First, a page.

Colorado enacted prohibitions against housing discrimination in 1959, the first state in the nation to pass anti-discrimination laws pertaining to private property. The Governor of Colorado at the time was Stephen McNichols. He signed the legislation. While Colorado can be proud of this law predating federal legislation, Denver and its mayor at the time, Will Nicholson, can take credit for the research and actions that led to the legislation.
Mayor Quigg Newton established the Mayor’s Committee on Human Relations in 1948. In 1951, a Denver city ordinance established a permanent Commission on Human Relations. Newton’s successor, Will Nicholson, who served as Denver Mayor from 1955 to 1959, appointed members to the Commission and actively oversaw their operations.
The Commission on Human Relations addressed issues such as golf course discrimination, Denver Public Schools boundary changes, city hiring practices (as well as private employment practices), Denver Police actions, morticians’ and cemeteries’ policy regarding burials, radio broadcasting language, segregation of prisoners in jail, swimming pools and bathing beach segregation, and Children’s Theatre notices that were not sent to schools with large numbers of minority children. However, the Commission was particularly active in the area of housing discrimination in Denver.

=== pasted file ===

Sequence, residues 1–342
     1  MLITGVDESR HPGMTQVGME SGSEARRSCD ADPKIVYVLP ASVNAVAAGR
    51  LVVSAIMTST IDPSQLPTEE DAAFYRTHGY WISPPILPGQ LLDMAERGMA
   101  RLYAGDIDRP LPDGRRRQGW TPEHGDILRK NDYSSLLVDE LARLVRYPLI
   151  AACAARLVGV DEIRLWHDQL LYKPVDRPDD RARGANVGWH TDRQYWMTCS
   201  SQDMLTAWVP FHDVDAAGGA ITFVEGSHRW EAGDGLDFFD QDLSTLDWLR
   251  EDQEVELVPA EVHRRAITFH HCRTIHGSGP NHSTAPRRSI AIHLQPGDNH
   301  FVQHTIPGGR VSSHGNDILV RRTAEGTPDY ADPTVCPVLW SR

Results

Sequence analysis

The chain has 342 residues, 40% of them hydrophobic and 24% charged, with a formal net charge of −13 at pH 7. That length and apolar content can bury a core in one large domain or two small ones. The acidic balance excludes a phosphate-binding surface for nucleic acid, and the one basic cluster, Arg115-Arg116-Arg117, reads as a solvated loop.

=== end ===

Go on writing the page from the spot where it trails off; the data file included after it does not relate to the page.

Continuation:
In 1956, the Commission helped organize the Coordinating Council for Education and Research in Human Relations. The Council sponsored bus tours designed to show problems for minority groups in finding housing in Denver. The bus tours were controversial as were the pamphlets given to members of the public who participated (almost four hundred people went on the tours the first year). Nevertheless, that the bus tours impacted Denver’s citizens may be seen in the 1958 legislation introduced in the Colorado Legislature to prohibit discrimination in Colorado housing.
Correspondence, memos, meeting minutes and legislation related to the struggle to end housing discrimination (as well as other types of discrimination) in Denver may be found in the Commission on Community Relation collection, WH903, and in the Will Nicholson Papers, WH1797, as well as in many other collections that also contain material related to this movement. All are available for research in the Western History/Genealogy Department of the Denver Public Library.